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Flashcards in 1-Clincial Trials Deck (26):

Define clinical trial

A planned experiment involving patients and designed to explain the most appropriate treatment for future patients with a given medical condition


What is the purpose of a clinical trial?

Provide reliable evidence of treatment efficacy and safety


Define efficacy

Ability of a health care intervention to improve the health of a defined group under specific conditions


Define safety

Ability of a health care intervention not to harm a defined group under specific conditions


What are the disadvantages of comparison with historical controls?

Less information about potential bias
Unable to control for confounders
Selection less rigorous


What needs to be defined before a trial starts?

Disease of interest
Treatments to be compared
Outcomes to be measured
Possible bias and confounders
Eligible patients
Patients who need to be excluded


What are the steps of conducting a trial?

Identify source of eligible patients
Invite them to trial
Consent willing patients
Allocate patients to treatment
Follow up patients identically
Minimise losses to follow up
Maximise compliance


What questions are asked when comparing results of a trial?

Is there an observable difference between treatment?
Could the difference have arisen by chance - statically significant?
How big is the difference between treatments - clinically important?
Is the observed difference attributable to the treatment?


What are the types of outcome in a trial?

Patho-physiological (tumour size/ECG change)
Clinically defined (mortality/morbidity)
Patient focused (quality of life/satisfaction)


When are outcomes measured in a trial?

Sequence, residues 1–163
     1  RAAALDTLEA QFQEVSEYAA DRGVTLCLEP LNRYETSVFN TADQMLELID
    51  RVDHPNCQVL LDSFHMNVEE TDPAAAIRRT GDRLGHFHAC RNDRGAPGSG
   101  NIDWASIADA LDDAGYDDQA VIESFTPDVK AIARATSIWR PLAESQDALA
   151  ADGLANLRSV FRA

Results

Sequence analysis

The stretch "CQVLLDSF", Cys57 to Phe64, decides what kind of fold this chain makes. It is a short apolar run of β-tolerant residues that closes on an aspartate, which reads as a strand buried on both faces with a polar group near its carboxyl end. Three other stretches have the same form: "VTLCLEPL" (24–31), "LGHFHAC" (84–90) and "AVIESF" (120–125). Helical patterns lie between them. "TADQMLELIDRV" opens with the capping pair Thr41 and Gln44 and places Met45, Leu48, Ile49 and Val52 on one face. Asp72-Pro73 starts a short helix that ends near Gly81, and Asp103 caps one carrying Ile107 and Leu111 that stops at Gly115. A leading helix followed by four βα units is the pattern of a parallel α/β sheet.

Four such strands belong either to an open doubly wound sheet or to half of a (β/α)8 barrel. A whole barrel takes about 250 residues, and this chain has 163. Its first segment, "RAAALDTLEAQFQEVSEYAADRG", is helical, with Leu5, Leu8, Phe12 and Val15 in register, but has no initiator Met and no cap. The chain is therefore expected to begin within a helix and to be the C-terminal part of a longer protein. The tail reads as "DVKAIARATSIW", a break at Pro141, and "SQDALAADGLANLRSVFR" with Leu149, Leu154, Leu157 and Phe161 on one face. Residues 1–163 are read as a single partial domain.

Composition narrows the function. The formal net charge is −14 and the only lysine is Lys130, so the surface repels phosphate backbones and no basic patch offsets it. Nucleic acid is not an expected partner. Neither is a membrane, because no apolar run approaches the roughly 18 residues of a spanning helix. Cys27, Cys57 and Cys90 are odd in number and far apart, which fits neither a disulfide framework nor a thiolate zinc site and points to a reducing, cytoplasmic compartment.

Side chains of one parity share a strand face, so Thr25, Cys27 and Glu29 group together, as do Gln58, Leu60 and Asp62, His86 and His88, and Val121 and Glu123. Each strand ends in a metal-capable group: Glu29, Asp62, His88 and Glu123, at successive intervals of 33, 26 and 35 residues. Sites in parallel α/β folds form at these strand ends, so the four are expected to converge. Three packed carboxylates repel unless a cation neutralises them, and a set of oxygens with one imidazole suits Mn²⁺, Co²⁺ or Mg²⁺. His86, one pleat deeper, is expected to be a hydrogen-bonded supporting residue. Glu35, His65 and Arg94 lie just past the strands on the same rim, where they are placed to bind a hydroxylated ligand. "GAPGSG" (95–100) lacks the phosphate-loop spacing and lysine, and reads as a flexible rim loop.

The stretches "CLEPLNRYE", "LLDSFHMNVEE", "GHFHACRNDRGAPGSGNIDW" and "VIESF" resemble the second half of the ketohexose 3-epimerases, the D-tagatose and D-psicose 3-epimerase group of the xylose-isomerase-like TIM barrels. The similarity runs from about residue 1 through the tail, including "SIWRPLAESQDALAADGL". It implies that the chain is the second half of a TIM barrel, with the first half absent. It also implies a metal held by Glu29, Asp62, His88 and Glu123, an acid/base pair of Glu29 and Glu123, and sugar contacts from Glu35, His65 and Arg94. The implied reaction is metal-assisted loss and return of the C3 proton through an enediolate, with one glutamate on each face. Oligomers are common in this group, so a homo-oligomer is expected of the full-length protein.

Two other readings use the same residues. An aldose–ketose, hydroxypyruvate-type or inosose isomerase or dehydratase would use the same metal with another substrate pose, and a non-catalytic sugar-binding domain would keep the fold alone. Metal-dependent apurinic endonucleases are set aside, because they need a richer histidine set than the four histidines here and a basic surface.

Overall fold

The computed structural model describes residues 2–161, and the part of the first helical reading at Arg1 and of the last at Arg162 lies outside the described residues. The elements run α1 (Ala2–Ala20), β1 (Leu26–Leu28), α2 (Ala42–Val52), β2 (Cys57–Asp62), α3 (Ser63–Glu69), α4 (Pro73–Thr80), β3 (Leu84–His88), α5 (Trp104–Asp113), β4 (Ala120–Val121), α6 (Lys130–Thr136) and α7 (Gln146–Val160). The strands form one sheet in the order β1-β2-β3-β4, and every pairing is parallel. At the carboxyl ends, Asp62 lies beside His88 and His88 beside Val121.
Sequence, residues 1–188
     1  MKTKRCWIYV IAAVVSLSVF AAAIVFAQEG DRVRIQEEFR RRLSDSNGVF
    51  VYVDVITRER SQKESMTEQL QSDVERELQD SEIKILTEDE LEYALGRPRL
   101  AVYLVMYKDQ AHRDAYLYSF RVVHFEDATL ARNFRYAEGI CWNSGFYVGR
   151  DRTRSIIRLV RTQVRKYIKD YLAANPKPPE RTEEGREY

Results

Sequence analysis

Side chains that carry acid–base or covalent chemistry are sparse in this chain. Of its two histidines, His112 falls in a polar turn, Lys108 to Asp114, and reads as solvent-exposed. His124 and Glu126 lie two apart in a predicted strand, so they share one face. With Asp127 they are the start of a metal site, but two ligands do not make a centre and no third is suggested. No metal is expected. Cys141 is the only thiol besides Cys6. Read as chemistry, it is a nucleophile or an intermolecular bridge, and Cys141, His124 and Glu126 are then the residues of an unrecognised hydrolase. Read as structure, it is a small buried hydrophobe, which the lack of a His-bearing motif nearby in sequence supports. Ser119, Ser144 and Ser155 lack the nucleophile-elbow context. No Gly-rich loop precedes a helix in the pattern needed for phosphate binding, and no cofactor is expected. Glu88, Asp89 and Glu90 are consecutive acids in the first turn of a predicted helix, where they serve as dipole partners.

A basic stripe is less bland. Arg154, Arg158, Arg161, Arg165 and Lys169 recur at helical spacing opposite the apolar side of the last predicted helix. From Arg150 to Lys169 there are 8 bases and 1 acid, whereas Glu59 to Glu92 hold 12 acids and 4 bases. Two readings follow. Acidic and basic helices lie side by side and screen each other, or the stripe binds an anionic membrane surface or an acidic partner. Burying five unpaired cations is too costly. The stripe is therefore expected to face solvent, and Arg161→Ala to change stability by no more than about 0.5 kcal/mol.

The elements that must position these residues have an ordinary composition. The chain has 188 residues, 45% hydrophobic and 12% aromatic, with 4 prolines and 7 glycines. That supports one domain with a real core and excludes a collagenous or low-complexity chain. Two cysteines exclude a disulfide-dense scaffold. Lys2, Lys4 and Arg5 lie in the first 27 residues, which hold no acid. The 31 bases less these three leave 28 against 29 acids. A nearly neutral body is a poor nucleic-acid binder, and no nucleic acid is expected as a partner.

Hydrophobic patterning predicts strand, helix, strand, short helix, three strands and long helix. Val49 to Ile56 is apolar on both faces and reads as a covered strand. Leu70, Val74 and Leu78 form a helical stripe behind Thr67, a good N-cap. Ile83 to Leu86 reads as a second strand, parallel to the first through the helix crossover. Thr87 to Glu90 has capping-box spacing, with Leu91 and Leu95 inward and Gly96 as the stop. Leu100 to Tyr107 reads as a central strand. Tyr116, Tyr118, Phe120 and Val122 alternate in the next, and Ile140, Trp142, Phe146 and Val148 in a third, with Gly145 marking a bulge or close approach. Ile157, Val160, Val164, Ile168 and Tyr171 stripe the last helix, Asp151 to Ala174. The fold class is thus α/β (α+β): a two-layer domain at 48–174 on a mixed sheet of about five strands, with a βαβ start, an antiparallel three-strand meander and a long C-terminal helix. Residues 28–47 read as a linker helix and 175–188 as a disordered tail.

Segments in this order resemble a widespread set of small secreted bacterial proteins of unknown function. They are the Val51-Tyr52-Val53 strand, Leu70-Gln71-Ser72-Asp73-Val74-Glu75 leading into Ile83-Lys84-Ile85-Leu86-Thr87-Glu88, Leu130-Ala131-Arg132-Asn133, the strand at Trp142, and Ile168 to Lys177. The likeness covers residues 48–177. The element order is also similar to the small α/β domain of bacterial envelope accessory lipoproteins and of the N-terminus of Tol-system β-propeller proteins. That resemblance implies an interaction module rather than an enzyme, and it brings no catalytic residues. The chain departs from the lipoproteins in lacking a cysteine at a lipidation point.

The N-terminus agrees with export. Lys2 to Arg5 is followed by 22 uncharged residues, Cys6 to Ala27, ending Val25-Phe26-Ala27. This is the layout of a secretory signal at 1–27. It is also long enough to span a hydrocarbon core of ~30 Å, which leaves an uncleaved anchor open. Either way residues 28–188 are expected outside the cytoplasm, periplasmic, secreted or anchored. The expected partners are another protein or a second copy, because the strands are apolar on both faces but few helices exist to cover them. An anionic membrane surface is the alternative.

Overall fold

Baseline - for inadvertent differences in groups
During trial - side effects, is one group being disadvantaged
Final - effects of treatment


What does random allocation lead to?

Minimal allocation bias - each patient has equal chance of being allocated to each treatment
Minimal confounding - groups likely to be similar in size and characteristic due to chance


What are the potential consequences of open label treatment?

Behavioural effects - patient
Non treatment effects - clinician
Measurement bias - investigator


Define the placebo effect

Patients attitude/illness improves as they feel something is being done


Define a placebo

Inert substance appearing identical in every way to active form it is being compared to, aiming to cancel out placebo effect


How can compliance be maximised?

Simplify instructions
Ask about side effects
Measure compliance (urine/blood levels, tablet counts)


Define as treated analysis

Only including patients who have complied in any analysis


What are the disadvantages of as treated analysis?

Loses randomisation (and therefore minimal allocation bias)
Won’t address if there is a reason for low compliance such as negative side effects


What is intention to treat analysis?

Analysis according to original allocation of treatment groups regardless of whether they complied or completed follow up


What are the advantages of intention to treat analysis?

Compares likely effect of using treatment in routine clinical practice
Preserves effects of randomisation - minimal selection bias and confoundings


What is the collective ethic surrounding human clinical trials?

Patients should have treatments properly tested for safety and efficacy


What are the individual ethics in relation to human clinical trials?

Non maleficence


What issues must be considered for a trial to be considered ethical?

Clinical equipoise
Scientifically robust
Ethical recruitment
Valid consent


What governs the ethics of clinical trials in the uk?

NHS trust and PCT R and D office


What are the roles of clinical trials?

Testing the safety of drug
Phase I - proof of principle
Phase II - Proof of concept and dose range finding
Phase III - pharmoeconomics


Describe the regulatory process of clinical trials

MHRA give approval for human clinical trials
Phase III data given to MHRA to be granted a product licence
Wording of packaging and marketing regulated by MHRA, can remove product from market


What are the differences in phases I, II and III?

Phase I - first into man study, single/multiple ascending dose on small number of healthy volunteers to evaluate safety
Phase II - Patients with disease but no co-morbidities to determine dose for therapeutic action
Phase III - Large number of patients with disease and co-morbidities to determine efficacy against standard treatment/placebo